I’m not a huge fan of organised religion.
It seems to me that God does his best work through the best of individuals, and the best of individuals are not necessarily the same ones who seek power.
The most powerful people in any organisation are, almost by definition, the most ruthless and self-serving.
There are probably exceptions to this rule. I can’t, off-hand, think of one.
Pope John Paul II was canonised on Sunday. He is now a saint. I wonder if he knows. It doesn’t matter. I suppose what actually matters is that the rest of us know, that the Roman Catholic Church decided it must be so and went ahead and did it.
There are rules for canonisation. A candidate has to qualify. For beatification, the candidate must be proven to have performed a miracle. In Pope John Paul’s case, a French nun who prayed to him was cured of Parkinson’s Disease. For canonisation, a second miracle has to be proven. A Costa Rican woman prayed to Pope John Paul when she was diagnosed with an inoperable brain aneurism, and she too was cured.
Of course, the Vatican came under quite a lot of pressure from Roman Catholics for the canonisation of Pope John Paul II. He was a charismatic and popular pope, and, even on the day of his funeral, his followers were calling for his sainthood with chants of Santo Subito. The usual five year waiting period to begin the process, after the death of the candidate, was waived. I suppose there’s no reason why the Vatican shouldn’t choose to break its own rules.
|The news story from The Times
Last week, near the town of Cevo in Italy, a ceremony was held to celebrate the canonisation of Pope John Paul II. The site was chosen because a crucifix, designed by the sculptor Enrico Job and dedicated to the Saint to commemorate his visit to Brescia in 1998, was erected there.
A curved structure suspended the 600kg crucifix 100 feet over the site. It was nothing if not impressive.
Marco Gusmini, a young disabled man attended the celebration with a small group. They could not travel to Rome for the canonisation on Sunday. There were similar celebrations all over the World, although close to a million followers did make the journey to Rome.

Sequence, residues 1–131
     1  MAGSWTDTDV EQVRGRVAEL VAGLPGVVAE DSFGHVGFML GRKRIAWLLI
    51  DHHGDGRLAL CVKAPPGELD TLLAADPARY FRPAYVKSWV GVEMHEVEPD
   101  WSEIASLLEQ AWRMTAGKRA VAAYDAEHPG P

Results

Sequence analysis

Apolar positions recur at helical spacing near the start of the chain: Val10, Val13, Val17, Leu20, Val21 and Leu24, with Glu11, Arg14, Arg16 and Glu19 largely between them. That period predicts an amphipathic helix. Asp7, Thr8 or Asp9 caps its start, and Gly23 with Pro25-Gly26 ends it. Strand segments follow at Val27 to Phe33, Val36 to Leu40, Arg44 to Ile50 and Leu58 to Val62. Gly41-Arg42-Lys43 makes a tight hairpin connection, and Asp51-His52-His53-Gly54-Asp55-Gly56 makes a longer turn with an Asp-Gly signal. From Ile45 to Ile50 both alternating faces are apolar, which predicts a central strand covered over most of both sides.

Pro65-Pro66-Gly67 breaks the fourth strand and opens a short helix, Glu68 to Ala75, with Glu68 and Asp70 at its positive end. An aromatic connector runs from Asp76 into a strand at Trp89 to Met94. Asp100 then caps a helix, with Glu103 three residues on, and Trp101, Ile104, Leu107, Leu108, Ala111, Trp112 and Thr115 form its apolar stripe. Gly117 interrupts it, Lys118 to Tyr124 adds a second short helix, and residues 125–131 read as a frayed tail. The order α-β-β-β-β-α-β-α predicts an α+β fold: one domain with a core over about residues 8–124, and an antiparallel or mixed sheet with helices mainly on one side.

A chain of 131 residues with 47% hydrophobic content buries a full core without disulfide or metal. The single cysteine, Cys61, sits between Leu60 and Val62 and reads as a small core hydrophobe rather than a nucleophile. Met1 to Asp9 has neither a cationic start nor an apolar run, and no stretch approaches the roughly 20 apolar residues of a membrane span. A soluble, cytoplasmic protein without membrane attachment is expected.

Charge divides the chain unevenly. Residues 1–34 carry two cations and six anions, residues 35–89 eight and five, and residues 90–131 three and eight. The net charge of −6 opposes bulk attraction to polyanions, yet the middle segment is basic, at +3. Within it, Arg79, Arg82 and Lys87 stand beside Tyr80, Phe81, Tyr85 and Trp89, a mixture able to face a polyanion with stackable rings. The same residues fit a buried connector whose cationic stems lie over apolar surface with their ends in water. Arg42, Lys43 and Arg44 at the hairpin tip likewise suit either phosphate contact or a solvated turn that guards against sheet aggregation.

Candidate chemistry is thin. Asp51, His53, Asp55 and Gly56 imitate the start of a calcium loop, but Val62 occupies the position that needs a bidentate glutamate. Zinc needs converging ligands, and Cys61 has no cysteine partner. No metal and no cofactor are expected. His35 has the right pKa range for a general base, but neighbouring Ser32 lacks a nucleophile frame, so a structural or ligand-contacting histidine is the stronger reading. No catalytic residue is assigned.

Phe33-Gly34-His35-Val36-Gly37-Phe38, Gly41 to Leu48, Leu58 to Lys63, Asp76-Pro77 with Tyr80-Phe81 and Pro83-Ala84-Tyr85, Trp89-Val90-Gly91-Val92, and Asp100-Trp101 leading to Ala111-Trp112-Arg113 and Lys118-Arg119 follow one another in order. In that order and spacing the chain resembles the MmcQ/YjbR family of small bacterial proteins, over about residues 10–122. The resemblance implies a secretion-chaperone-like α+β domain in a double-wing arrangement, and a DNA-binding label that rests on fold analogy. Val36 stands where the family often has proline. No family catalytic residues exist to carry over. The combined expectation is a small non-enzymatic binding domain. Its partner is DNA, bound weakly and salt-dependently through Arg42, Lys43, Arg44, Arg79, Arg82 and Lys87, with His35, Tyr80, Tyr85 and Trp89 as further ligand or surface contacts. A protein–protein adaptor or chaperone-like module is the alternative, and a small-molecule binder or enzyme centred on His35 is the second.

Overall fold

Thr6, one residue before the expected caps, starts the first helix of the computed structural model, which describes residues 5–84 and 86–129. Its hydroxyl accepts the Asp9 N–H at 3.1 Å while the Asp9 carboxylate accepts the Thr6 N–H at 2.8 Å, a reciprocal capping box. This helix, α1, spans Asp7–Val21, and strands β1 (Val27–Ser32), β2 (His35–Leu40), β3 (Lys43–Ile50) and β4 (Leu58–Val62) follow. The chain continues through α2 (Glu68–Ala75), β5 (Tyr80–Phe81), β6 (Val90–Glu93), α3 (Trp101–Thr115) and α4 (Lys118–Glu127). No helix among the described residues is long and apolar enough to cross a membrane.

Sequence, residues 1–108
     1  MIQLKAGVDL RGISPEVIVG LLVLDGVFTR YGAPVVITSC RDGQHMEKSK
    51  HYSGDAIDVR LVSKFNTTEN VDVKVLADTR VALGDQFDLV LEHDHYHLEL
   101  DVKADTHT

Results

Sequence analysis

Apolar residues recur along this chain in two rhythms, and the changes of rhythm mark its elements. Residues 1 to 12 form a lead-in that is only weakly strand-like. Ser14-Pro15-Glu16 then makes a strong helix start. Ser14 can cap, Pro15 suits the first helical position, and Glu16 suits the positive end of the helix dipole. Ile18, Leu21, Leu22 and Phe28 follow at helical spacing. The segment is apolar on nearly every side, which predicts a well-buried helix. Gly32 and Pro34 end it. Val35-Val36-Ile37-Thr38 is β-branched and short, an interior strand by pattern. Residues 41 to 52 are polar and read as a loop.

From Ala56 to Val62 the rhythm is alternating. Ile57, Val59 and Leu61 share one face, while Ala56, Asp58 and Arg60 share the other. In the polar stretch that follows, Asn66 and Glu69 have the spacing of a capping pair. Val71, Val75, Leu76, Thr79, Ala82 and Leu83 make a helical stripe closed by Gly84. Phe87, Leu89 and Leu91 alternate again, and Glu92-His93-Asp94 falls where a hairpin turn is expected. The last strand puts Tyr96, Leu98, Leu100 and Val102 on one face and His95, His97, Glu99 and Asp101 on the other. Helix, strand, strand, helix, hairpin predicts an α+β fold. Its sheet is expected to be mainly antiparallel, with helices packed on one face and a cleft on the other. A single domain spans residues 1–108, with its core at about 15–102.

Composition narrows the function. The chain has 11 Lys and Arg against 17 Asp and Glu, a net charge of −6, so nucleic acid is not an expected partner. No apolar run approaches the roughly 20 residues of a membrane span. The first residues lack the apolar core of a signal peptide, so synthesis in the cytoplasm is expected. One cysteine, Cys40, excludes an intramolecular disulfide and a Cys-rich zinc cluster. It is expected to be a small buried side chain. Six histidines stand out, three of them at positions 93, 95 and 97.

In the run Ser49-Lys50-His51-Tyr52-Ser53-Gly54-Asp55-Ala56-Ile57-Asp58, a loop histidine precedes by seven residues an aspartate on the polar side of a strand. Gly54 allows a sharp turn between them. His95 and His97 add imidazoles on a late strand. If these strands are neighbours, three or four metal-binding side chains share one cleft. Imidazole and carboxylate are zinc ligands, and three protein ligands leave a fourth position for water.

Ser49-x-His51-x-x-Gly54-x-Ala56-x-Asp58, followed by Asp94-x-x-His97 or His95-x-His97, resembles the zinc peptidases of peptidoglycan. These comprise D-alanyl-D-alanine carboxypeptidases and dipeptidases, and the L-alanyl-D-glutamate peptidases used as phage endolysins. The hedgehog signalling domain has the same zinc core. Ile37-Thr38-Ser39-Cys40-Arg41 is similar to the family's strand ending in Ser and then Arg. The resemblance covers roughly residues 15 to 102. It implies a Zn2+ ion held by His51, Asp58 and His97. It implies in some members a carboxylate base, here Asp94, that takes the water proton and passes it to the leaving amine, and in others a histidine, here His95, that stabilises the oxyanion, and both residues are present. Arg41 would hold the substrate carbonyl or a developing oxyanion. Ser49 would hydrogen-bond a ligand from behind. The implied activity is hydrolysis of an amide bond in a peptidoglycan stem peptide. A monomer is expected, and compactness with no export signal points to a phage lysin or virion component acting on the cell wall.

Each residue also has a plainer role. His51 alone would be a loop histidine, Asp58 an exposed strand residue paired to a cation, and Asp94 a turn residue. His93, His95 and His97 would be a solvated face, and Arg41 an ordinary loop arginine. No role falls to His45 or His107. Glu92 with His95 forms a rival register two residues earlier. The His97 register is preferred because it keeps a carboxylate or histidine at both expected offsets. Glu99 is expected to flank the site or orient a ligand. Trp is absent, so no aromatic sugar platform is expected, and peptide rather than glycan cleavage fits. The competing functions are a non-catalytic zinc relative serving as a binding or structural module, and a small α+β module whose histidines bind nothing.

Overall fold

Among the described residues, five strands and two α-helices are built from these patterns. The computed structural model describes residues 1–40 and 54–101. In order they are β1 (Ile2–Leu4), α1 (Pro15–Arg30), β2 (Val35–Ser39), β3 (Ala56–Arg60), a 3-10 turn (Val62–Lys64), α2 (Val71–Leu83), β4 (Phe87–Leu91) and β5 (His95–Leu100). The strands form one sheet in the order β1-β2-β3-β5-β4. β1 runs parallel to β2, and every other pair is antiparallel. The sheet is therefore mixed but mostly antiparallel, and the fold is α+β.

When the sculpture collapsed, Marco Gusmini was unable to get himself clear. He was killed instantly when the crucifix fell on him.
In the news story that I read in the Times on Saturday, Marco’s grieving parents found solace in the idea that their son was in heaven with Pope John Paul II whom he venerated so dearly.
I’m glad they find comfort in their faith. They are among the best of individuals.
As to the church’s comment that it was superstitious nonsense to blame an accidental death on the Saint?
Words fail me.
Agents of the Roman Catholic Church set about beatifying and then canonising Pope John Paul II using their own complex set of secret, arcane rules. They set out to show, in the twenty-first century, that not one, but two miracles had been performed by a mortal man. I know little or nothing about science or medicine, but I know that all kinds of phenomena go unexplained every day. I know that individuals still believe in these so-called miracles. The rational believe that we simply haven’t found all the answers yet.
I know that the purpose of canonisation is to give the faithful role models. I wonder how many saints there are, and how many more role models the Roman Catholic Church feels its followers need. Surely it is the role of any leader in any community to be a role model while he lives, while he leads.
Pope John Paul II was a role model in his lifetime. Surely it is the turn of Pope Francis to take up that mantle and be a role model right here, right now.
If a miracle isn’t akin to superstition, I don’t know what is.
If a woman being healed by praying to a photograph of a pope isn’t akin to a boy being crushed to death by a crucifix dedicated to the same pope... Well... I’m stumped.
For me, on this one, the Roman Catholic Church wants to have its cake and eat it too.
The parents of Marco Gusmini are the real saints in this story. I wish them peace.